«Der menschliche Magen ist kein Friedhof für Tiere.»
(Nina Hagen)

Since vegetable foodstuffs are nearly cholesterol free, the intake of cholesterol via nutrition results from the consumption of animal foodstuffs.

Endogenous cholesterol production is regulated via the insulin/glucagon ratio. Test persons with increased cholesterol concentrations were also shown to have a higher insulin/glucagon ratio than test persons with normal cholesterol values. (21)

The composition of the food proteins has an influence on the release of the metabolism hormones insulin and glucagon. Animal proteins stimulate the release of insulin and activate HMG-CoA reductase, the limiting enzyme for cholesterol synthesis.

Vegetable proteins usually contain more arginine than lysine. Animal proteins on the other hand contain more lysine and leucine than vegetable proteins. A cholesterol-lowering effect especially of soy protein was detected in several studies, which was mainly attributed to the high arginine concentration of this vegetable protein. (22, 23, 24)

A high intake of lysine in form of animal proteins causes arginine to be incorporated into atherogenic apoproteins like Apo E more frequently. These proteins are transport molecules for lipids and cholesterol.

Vegetarian diets have a positive effect on cholesterol concentrations. Some studies were able to discover a more favorable HDL/LDL ratio. (25, 26, 27)

The LDL cholesterol of vegetarians has proved less susceptible to oxidization than that of non-vegetarians. This is attributed to the high intake of antioxidant substances in vegetarians.(28)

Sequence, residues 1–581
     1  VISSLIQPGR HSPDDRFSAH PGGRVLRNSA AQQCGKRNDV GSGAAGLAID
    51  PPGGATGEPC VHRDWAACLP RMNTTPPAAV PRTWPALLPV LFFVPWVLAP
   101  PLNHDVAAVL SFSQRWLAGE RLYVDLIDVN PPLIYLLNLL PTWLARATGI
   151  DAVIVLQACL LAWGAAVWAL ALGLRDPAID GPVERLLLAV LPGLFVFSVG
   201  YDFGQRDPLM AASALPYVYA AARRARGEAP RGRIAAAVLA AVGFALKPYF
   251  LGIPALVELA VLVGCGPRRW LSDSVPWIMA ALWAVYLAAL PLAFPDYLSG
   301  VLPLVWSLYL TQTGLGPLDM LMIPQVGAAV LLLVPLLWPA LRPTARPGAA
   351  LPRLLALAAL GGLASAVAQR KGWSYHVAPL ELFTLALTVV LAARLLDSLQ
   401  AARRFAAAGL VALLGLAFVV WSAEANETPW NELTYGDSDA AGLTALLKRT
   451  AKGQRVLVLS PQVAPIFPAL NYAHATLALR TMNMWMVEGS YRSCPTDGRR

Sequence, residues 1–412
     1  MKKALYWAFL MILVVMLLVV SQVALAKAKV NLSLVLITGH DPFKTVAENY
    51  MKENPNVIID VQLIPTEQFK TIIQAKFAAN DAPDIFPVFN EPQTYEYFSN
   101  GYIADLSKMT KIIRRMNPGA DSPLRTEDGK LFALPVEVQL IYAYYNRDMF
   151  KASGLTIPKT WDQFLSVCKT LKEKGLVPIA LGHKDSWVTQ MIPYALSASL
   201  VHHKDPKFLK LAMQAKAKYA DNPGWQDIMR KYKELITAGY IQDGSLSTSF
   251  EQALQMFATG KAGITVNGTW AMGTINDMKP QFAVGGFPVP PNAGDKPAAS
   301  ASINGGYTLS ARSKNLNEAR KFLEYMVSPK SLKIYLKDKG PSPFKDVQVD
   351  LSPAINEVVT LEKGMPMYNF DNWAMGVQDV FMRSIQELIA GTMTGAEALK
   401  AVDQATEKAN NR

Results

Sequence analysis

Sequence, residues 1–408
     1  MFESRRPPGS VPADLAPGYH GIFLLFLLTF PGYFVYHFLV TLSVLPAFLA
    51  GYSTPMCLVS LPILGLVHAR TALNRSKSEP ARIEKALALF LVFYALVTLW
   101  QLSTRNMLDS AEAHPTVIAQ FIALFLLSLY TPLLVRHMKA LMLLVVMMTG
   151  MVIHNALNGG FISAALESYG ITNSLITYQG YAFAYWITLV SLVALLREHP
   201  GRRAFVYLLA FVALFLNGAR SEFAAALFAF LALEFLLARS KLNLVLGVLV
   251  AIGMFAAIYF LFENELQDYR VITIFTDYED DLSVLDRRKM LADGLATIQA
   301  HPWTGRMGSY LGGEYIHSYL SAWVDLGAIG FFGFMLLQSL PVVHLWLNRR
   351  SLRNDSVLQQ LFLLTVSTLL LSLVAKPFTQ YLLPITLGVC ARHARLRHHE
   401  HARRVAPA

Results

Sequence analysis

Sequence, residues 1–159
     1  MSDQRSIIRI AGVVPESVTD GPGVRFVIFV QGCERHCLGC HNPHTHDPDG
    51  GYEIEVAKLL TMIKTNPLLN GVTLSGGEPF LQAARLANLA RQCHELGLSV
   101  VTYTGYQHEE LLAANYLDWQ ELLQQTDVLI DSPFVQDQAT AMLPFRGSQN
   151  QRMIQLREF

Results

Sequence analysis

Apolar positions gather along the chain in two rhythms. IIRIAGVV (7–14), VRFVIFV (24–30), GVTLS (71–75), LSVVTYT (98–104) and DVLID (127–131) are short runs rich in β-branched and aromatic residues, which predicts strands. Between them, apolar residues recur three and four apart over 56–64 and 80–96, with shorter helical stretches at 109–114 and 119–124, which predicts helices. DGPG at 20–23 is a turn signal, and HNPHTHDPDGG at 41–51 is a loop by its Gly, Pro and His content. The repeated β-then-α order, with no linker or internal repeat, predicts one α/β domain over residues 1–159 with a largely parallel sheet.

1. Hubbard R et al: Effect of dietary protein on serum insulin and glucagon levels in hyper- and normocholesterolemic men; Atherosclerosis 1989 Mar; 76(1): 55-61
  2. Sanchez A et al: Plasma amino acids and the insulin/ glucagon ratio as an explanation for the dietary protein modulation of atherosclerosis; Med Hypotheses 1991 Aug; 36(4): 324-9
  3. Carroll KK et al: Soy consumption and cholesterol reduction: review of animal and human studies; J Nutr 1995 Mar; 125(3 Suppl): 594S-597S
  4. Wong WW et al: Cholesterol-lowering effect of soy protein in normocholesterolemic and hypercholesterolemic men, Am J Clin Nutr 1998 Dec; 68(6 Suppl): 1385S-1389S
  5. Robinson F et al: Changing from a mixed to self-selcted vegetarian diet-influence on blood lipids; J Hum Nutr Diet 2002 Oct; 15(5): 323-9
  6. Hoffmann I et al: Giessen Wholesome Nutrtion Stuudy: relation between a health-conscious diet and blood lipids; Eur J Clin Nutr 2001 Oct; 55(10): 887-95
  7. Bederova A et al: Comparison of nutrient intake and corresponding biochemica parameters in adolescent vegetarians and non-vegetarians; Cas Lek Cesk 2000 Jul 5; 139(13): 396-400
  8. Nagyova A et al: LDL and HDL oxidation and fatty acid composition in    vegetarians; Ann Nutr Metab 2001; 45(4): 148-51


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